Some interesting terrorism-related academic events are coming up very soon in Canberra and Perth.
First, my intermittent co-author and podcast guest, Levi West, and his colleagues at Charles Sturt University have organised three masterclasses on terrorism studies, which have a number of international guests skyping in.
The first two classes in particular look fantastic and have great guest lecturers. Steven Tankel wrote this excellent book on Lashkar e-Toiba which I’ve drawn on in previous work, Craig Whiteside and Seamus Hughes are in my “must-read” list whenever I hear they have something new out, Sarah Phillips is possibly Australia’s top scholar covering conflict in Yemen, Mark Pitcavage does great work on the extreme right, and Christopher Anzalone is probably the person I read most on al-Shabaab. It’s rare to have this much international talent at a terrorism studies events in Australia, particularly at a teaching-focused event intended.
These classes are all taking place in Canberra this month. The first masterclass is on the history of terrorism (its coming up so try to apply soon):
Followed by one on contemporary terrorism (try to apply before 10 May):
And then one on the financing and resourcing of terrorism (try to apply before 20 May):
It’s a busy month. In Perth, the University of Western Australia is hosting a Conference on Radicalisation and De-radicalisation: Post-ISIS:
Three years ago, ISIS claimed a cross-border caliphate stretching over vast swathes of north-western Iraq and eastern Syria. Fascinated by its rise, Muslim youths from all corners rapidly joined its cause. After three years of shocking violence, ISIS has faced major setbacks and has been in retreat in those areas it formerly controlled. Many of its fighters have been returning. This conference brings together experts to shed light on the lessons on radicalisation and de-radicalisation in the context of the rise and apparent decline of ISIS and to offer insights into future trends. What would radicalisation and de-radicalisation look like in the future? What are the responses required? These are the questions at the heart of this one-day conference being organised by The Centre for Muslim States and Societies, The University of Western Australia. The conference will be useful for policy makers, law enforcement groups, academia, students and all those interested in countering radicalisation.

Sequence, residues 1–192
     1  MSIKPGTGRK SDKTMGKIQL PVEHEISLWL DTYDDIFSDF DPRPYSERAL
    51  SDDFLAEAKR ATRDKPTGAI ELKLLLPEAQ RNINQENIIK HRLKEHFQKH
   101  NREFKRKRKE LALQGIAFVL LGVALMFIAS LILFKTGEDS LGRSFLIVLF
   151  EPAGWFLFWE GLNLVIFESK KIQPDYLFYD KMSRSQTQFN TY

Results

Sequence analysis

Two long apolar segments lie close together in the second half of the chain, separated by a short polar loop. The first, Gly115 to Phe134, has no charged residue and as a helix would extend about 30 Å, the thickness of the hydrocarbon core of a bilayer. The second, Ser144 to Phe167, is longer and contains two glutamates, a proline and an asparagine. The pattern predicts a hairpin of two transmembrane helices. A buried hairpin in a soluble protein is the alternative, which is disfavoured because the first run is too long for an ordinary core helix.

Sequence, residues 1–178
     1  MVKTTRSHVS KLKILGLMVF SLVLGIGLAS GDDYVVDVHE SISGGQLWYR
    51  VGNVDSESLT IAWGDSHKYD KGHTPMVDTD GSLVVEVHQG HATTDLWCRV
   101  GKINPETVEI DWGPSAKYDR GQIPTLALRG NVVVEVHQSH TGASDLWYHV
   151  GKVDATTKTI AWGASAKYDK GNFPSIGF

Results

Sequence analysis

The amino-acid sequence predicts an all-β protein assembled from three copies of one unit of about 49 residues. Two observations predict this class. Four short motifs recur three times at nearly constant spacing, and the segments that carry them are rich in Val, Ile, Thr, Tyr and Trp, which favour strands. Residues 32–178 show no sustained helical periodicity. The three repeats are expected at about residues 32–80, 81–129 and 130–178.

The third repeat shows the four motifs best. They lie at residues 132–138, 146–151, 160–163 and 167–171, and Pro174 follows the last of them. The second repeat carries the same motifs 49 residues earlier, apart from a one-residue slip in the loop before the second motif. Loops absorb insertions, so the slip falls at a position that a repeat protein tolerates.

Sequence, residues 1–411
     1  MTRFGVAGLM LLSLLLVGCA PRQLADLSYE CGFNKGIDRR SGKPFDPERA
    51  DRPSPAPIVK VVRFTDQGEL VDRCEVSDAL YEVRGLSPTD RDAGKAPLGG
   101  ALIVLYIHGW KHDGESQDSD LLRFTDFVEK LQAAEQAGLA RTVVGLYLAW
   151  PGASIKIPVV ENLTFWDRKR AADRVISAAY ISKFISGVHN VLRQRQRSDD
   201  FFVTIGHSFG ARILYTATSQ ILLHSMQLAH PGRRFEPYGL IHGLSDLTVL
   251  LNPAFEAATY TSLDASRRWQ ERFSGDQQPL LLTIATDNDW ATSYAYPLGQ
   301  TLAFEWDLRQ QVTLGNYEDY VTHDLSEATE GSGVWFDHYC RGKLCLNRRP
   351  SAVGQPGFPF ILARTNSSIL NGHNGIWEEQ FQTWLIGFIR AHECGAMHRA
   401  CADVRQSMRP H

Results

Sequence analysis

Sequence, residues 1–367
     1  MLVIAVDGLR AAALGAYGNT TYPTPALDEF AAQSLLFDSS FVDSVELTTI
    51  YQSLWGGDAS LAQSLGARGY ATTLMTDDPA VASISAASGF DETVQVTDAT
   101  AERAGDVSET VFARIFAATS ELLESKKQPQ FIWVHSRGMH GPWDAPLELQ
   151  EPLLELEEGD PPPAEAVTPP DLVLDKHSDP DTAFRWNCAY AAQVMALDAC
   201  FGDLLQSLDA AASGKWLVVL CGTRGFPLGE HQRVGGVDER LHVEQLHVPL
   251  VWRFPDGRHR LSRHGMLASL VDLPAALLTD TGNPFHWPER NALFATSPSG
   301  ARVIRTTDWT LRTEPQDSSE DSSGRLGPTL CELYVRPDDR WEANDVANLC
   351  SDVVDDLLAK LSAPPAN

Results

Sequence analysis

Its speakers are:
Professor Amin Saikal, Australian National University | The defeat of the ‘Islamic State’ and its impact on US foreign policy in the Middle East
Profess James Piscatori, Australian National University | The Umma post-ISIS
Professor Samina Yasmeen, The University of Western Australia | JUD, ISIS and Pakistan: future trajectories of radicalisation
Dr Richard Vokes, Associate Professor, University of Western Australia | The shifting contexts of jihadism in Sub-Saharan Africa: a comparison of al-Shabaab and the Allied Democratic Forces
Dr Ian Chalmers, Adjunct Senior Lecturer, The University of Western Australia | How have the jihadists coped with Indonesia’s de-radicalisation campaign?
Dr Leila Ben Mcharek, Research Fellow, CMSS, The University of Western Australia | Libya: a case of survival of Daesh
Dr Shehzad Saleem, Research Fellow and Vice President, Al-Mawrid Institute | Understanding ISIS’s ideology and its continued influence
Nava Ghalili, Journalist | Youth empowerment as a means to prevent youth radicalization?
Ridwan, PhD Candidate, The University of Western Australia | Transnational Islam and Threat of Radicalisation in Indonesia
Farooq Yousaf, PhD Candidate, University of Newcastle, New South Wales
This is quite a different event to the masterclasses above, but it similarly looks excellent. I’m much less familiar with the work of its speakers (except for Samina Yasmeen, Amin Saikal and Ian Chalmers), but generally the scholarly background of the speakers looks to be area studies and Islamic Studies rather than terrorism studies, which is good change of perspective (I’ve gone on a bit before about how something as complex and contentious as terrorism requires a range of approaches).
It is also extremely affordable ($50 for students, $100 for others) and it’s this Friday, so if interested you’ll need to be quick.
And in a smaller bit of news, back in February post I mistakenly wrote that Talal Alameddine would be sentenced on 2 March for supplying the handgun used to murder NSW Police employee Curtis Cheng in the Parramatta terrorist attack. He will actually be sentenced on 18 May.